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Limited Household Risk Sharing: General Equilibrium Implications for the Term Structure of Interest Rates
We present a theory in which limited risk sharing of idiosyncratic labor income risk plays a key role in determining the dynamics of interest rates. Our production-based model relates the cross-sectional distribution of labor income risk to observable aggregate labor market variables. Our model makes two key predictions. First, it predicts positive risk premia for long-term bonds while simultaneously matching key macroeconomic moments. Second, it predicts a negative correlation between current labor market conditions (as measured by labor market tightness or the job-finding rate) and future ...
Inflation Uncertainty and Disagreement in Bond Risk Premia
This paper examines the relation between variations in perceived inflation uncertainty and bond premia. Using the subjective probability distributions available in the Survey of Professional Forecasters we construct a quarterly time series of average individual uncertainty about inflation forecasts since 1968. We show that this ex-ante measure of inflation uncertainty differs importantly from measures of disagreement regarding inflation forecasts and other proxies, such as model-based ex-post measures of macroeconomic risk. Inflation uncertainty is an important driver of bond premia, but the ...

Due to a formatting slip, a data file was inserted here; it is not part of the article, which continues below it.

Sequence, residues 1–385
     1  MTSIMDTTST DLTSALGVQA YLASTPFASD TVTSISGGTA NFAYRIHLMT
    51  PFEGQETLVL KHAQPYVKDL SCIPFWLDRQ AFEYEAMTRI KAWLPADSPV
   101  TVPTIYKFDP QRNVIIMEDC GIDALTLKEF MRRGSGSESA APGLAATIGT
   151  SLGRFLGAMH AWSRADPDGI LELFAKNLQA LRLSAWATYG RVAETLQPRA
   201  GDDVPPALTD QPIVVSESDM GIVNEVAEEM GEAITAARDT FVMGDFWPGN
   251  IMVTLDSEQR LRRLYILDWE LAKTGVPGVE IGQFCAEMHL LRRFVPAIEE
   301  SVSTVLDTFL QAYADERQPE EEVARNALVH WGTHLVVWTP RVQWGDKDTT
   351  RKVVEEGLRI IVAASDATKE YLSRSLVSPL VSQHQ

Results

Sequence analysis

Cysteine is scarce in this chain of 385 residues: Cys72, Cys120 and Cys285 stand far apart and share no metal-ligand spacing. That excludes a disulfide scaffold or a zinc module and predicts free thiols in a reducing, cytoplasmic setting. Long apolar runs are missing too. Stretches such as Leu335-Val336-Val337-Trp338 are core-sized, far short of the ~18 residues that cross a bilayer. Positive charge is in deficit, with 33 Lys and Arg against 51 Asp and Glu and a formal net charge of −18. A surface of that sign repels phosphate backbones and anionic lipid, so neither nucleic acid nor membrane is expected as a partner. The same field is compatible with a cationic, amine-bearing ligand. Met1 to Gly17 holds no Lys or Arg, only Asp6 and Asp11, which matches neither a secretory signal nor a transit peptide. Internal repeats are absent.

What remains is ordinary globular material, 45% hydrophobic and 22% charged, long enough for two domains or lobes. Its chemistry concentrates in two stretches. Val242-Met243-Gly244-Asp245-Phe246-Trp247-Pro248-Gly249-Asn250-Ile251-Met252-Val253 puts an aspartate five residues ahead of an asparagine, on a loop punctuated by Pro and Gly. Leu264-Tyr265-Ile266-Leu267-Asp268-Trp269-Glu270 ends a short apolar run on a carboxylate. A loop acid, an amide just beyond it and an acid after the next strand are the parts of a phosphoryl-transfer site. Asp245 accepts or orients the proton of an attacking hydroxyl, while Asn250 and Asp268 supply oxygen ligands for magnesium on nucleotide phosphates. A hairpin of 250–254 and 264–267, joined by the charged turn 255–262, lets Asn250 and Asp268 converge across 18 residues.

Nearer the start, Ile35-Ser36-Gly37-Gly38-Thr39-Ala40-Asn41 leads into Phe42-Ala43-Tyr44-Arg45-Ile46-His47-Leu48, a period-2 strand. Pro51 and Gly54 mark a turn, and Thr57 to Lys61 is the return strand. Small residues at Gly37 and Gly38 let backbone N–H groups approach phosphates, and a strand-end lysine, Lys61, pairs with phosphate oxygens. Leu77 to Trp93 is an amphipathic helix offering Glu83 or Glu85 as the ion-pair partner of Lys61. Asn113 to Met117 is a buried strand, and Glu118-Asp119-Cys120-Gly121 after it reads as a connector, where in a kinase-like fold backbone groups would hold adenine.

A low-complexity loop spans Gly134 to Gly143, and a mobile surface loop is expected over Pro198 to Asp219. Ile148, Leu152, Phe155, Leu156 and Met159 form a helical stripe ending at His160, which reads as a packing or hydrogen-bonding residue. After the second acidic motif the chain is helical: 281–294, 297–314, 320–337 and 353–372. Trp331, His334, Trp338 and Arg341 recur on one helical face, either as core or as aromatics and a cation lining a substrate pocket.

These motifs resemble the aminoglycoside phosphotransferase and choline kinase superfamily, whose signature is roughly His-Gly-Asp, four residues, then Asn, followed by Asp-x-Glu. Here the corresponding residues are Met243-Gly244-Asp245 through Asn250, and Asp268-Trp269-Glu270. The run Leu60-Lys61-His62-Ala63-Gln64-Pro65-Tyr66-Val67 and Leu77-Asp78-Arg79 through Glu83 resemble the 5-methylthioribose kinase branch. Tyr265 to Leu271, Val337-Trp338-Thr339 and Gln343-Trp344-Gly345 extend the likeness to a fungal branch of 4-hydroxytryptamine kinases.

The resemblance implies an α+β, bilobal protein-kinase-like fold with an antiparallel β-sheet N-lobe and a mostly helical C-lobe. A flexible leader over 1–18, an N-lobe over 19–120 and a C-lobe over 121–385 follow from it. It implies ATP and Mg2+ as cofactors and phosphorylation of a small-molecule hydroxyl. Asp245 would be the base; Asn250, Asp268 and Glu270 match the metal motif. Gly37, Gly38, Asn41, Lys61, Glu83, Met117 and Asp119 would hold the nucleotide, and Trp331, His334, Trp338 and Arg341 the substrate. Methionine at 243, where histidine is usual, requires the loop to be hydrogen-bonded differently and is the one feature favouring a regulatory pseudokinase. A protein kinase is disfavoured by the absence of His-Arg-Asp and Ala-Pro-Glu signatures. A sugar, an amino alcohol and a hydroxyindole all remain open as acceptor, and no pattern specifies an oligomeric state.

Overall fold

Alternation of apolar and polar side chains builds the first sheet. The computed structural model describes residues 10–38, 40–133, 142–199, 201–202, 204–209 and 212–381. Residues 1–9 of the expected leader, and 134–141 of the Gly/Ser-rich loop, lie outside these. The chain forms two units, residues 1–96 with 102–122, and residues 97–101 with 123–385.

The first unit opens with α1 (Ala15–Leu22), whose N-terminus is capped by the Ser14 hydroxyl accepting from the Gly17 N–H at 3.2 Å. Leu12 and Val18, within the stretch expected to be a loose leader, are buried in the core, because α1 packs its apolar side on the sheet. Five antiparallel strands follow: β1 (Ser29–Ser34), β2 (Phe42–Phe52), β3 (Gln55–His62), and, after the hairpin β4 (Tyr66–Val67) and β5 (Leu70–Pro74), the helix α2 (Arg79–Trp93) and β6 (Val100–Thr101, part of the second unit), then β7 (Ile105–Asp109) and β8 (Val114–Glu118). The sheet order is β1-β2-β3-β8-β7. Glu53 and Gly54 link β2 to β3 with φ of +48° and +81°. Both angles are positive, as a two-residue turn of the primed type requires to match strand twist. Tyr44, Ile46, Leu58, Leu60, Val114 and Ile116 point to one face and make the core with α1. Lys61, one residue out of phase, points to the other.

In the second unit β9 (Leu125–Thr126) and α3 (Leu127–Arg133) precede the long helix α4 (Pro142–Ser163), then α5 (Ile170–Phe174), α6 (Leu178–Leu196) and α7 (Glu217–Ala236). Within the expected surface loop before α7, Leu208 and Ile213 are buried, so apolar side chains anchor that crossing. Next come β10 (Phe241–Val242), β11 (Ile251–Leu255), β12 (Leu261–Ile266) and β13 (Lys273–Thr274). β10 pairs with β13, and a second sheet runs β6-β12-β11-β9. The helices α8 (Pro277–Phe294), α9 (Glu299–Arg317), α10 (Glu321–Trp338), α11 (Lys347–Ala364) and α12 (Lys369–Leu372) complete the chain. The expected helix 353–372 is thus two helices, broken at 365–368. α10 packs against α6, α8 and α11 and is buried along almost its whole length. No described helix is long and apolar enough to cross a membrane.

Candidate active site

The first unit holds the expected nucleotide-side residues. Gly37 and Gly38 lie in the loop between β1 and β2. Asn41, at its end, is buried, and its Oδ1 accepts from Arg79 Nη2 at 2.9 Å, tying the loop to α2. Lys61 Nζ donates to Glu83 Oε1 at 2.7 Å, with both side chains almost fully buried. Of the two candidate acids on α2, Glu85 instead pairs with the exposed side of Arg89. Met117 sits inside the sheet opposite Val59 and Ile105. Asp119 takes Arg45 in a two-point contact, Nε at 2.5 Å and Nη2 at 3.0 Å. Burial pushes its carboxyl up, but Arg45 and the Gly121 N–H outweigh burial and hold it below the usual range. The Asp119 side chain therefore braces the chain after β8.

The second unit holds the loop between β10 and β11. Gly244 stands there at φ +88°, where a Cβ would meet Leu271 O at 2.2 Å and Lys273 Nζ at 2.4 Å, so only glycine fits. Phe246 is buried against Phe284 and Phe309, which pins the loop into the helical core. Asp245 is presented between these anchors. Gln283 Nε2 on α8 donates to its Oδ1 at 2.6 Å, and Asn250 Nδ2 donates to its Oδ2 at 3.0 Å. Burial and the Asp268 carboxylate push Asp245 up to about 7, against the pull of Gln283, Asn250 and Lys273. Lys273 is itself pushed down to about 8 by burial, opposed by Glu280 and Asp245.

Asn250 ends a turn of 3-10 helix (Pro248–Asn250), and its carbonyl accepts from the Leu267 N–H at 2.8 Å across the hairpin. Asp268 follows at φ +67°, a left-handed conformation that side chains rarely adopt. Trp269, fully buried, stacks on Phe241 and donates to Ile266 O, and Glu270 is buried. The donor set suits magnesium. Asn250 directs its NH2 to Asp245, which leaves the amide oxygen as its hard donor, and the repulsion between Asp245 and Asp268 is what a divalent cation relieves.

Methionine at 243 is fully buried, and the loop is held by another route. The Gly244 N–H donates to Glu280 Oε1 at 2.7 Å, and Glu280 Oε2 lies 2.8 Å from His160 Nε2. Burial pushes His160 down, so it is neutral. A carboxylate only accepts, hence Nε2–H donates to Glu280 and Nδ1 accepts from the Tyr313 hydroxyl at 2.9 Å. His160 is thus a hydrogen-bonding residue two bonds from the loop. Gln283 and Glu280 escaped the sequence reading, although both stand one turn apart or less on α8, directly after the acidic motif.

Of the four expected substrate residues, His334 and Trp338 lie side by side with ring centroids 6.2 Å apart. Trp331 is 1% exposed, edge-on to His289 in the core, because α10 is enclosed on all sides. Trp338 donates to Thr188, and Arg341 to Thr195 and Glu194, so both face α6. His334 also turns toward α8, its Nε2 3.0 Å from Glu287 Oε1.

Why Does the Yield-Curve Slope Predict Recessions?
Why is an inverted yield-curve slope such a powerful predictor of future recessions? We show that a decomposition of the yield curve slope into its expectations and risk premia components helps disentangle the channels that connect fluctuations in Treasury rates and the future state of the economy. In particular, a change in the yield curve slope due to a monetary policy easing, measured by the current real-interest rate level and its expected path, is associated with an increase in the probability of a future recession within the next year. In contrast, a decrease in risk premia is ...
Real and Nominal Equilibrium Yield Curves: Wage Rigidities and Permanent Shocks
The links between real and nominal bond risk premia and macroeconomic dynamics are explored quantitatively in a model with nominal rigidities and monetary policy. The estimated model captures macroeconomic and yield curve properties of the U.S. economy, implying significantly positive real term and inflation risk bond premia. In contrast to previous literature, both premia are positive and generated by wage rigidities as a compensation for permanent productivity shocks. Stronger policy-rule responses to inflation (output) increase (decrease) both premia, while policy surprises generate ...